Floral Care Instructions



Succulent Care Instructions


Step 1
Be sure the succulent is getting enough light. If the succulent is producing new growth that is thin or spindly, these are indications that the plant is stretching towards the available light and definitely needs more sunlight. On the other hand, if the leaves look pale and bleached, they may be getting too much light.
Step 2
Be careful not to overwater succulents. Although needs vary between different varieties, the appearance of the leaves will give you a clue. If the leaves have indentations or the plant appears droopy, it’s a sign that it’s time to water. To water succulents, soak the soil so that water runs out the drainage hole, and then allow it to dry before the next watering. Succulents will require less water during fall and winter.
Step 3
Handle succulents with care, because the stems are often brittle and will easily break. Succulents should be repotted every year. Remove the succulent from its pot, and gently loosen the roots with a thin stick to remove the old potting soil. Put the plant in a slightly larger pot, and add fresh potting soil.
Step 4
Use a potting soil that drains well. Although you can mix half sand or perlite with half commercial potting soil, buying potting soil formulated especially for cacti and succulents is the easiest way to provide excellent drainage.



Phalaenopsis Care Instructions


These plants are commonly referred to as “Moth Orchids” and are considered among the easiest of the orchid family to care for as well as the most recognizable. The long-lasting flowers bloom perfectly for up to three months, providing you ample return on your investment. The flowering intervals vary with each plant, and you may be treated to a bloom as often as twice a year. Phalaenopsis have become one of the most popular varieties of orchids because of their low maintenance and delicate balance of poise and elegance.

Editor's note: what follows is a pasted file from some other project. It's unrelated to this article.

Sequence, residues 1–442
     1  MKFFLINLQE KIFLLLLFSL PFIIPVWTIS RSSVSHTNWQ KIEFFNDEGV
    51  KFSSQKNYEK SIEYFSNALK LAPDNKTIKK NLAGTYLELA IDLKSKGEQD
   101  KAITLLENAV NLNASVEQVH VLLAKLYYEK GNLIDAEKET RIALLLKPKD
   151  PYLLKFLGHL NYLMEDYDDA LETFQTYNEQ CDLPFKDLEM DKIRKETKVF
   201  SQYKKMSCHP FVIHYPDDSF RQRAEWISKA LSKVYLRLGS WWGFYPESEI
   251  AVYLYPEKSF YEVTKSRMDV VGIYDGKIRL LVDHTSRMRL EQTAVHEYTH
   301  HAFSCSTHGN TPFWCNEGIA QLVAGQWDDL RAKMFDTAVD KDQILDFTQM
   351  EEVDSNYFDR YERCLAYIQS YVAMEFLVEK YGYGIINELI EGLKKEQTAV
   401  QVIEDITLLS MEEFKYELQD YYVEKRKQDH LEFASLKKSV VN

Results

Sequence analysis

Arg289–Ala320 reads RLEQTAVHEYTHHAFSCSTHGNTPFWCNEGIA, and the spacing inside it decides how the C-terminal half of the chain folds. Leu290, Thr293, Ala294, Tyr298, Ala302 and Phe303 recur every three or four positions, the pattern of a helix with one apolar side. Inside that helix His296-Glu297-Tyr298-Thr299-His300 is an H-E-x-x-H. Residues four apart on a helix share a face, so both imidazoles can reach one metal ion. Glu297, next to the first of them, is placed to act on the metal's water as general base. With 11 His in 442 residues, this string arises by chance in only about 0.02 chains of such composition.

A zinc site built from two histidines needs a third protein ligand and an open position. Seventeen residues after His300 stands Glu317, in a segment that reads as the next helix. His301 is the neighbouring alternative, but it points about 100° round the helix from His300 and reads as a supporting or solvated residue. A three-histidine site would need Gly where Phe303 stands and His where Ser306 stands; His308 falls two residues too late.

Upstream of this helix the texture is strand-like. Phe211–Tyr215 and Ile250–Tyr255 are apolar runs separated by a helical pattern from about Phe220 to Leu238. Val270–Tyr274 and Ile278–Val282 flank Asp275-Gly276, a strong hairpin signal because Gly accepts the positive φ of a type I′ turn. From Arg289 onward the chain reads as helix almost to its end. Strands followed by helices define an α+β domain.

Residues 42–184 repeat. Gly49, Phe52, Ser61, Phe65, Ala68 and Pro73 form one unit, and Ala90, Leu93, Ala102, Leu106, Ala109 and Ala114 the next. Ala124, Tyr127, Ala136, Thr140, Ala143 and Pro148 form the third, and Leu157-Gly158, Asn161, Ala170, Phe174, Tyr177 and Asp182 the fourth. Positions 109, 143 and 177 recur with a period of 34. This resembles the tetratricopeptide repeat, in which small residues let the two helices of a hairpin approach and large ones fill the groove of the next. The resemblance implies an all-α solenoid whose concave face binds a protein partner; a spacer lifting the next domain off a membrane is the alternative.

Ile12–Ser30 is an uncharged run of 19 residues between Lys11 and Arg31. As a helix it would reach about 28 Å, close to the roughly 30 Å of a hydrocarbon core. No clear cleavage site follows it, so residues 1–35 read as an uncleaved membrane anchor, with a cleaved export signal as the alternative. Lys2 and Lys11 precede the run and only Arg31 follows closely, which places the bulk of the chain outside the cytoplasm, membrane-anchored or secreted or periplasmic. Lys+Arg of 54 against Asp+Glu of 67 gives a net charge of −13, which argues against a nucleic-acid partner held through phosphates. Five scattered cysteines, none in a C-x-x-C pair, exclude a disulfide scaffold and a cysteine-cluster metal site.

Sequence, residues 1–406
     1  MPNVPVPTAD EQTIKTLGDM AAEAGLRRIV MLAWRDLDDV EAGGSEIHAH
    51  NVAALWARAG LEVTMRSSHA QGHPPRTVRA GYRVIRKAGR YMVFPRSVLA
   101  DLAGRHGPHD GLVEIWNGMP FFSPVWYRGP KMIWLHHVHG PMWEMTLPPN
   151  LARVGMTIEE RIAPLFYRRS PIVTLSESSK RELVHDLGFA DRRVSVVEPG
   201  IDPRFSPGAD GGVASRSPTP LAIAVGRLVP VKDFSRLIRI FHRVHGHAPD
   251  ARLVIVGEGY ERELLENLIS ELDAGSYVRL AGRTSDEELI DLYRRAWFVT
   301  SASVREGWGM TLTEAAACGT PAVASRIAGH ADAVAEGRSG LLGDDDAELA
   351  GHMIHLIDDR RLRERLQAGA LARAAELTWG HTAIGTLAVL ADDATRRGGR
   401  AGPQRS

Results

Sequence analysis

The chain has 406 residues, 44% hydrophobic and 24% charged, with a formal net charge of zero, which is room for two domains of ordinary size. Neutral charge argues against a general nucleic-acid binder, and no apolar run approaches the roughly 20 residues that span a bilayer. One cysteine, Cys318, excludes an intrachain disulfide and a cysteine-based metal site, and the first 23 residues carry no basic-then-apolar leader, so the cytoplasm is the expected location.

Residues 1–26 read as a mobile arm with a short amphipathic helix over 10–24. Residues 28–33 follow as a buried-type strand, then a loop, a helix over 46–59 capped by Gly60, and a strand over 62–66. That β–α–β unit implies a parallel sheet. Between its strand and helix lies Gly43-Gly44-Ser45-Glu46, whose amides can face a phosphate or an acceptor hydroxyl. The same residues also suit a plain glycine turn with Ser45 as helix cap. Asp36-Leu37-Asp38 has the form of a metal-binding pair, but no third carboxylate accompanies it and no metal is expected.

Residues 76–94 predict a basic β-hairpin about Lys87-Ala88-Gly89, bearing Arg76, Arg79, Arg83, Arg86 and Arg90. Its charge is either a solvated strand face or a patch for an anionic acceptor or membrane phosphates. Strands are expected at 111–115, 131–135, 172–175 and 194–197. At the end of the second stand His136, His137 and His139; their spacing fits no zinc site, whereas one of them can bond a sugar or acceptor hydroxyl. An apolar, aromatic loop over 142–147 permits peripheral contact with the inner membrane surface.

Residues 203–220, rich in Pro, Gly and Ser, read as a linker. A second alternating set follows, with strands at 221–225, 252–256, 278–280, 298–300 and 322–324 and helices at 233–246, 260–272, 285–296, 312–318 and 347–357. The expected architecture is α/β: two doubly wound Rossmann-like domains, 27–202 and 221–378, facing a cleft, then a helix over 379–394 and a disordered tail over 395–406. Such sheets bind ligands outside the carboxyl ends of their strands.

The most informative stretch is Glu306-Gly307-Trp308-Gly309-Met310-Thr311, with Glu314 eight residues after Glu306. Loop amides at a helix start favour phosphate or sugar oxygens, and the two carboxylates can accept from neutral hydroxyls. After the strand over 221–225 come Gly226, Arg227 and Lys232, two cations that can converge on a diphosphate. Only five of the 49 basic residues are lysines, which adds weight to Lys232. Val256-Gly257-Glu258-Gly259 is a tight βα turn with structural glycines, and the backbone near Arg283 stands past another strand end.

Temperature: Phalaenopsis enjoy the same temperature range we do. The minimum temperature at night is 60-65 °F, while the average daytime temperature should be around 75-85 °F. Occasional deviations will not harm your plant, except when it is in bud — chilly temperatures may cause the plant to stop budding.


Light: Phalaenopsis will flourish indoors under normal lighting conditions, with indirect sunlight being the most advantageous. Caution should be used when placing a Phalaenopsis in direct sunlight due to the fact that its leaves burn easily from too much exposure to the sun.


Water: Water often enough to keep continuous moisture just below the surface of the medium, but be cautious of over-watering. Watering once a week is normally sufficient to keep your plant healthy and happy.


Humidity: Phalaenopsis enjoy moist air, with a humidity level of 55-75% being ideal. Placing your plant over a tray or dish of water can increase moisture. Separate the pot and tray with pebbles or small stones to raise the height of your plant and ensure that it does not sit directly in the water.


Feeding: Good results may be obtained by using a high-nitrogen fertilizer year-round at 1 teaspoon per gallon of water. Feed your plant once a month. In this instance, less is more. So be sure not to overdo it.


Repotting: Plants should be repotted every other year and, because they grow upwards without spreading, can go back into the same sized pot. A medium-grade wood bark works well with the base of the bottom leaf at the surface of the medium. Water sparingly until new roots are well established.


Note: When the last flower drops, cut your flower spike halfway down the stem. Continue caring for it and wait for a possible re-bloom.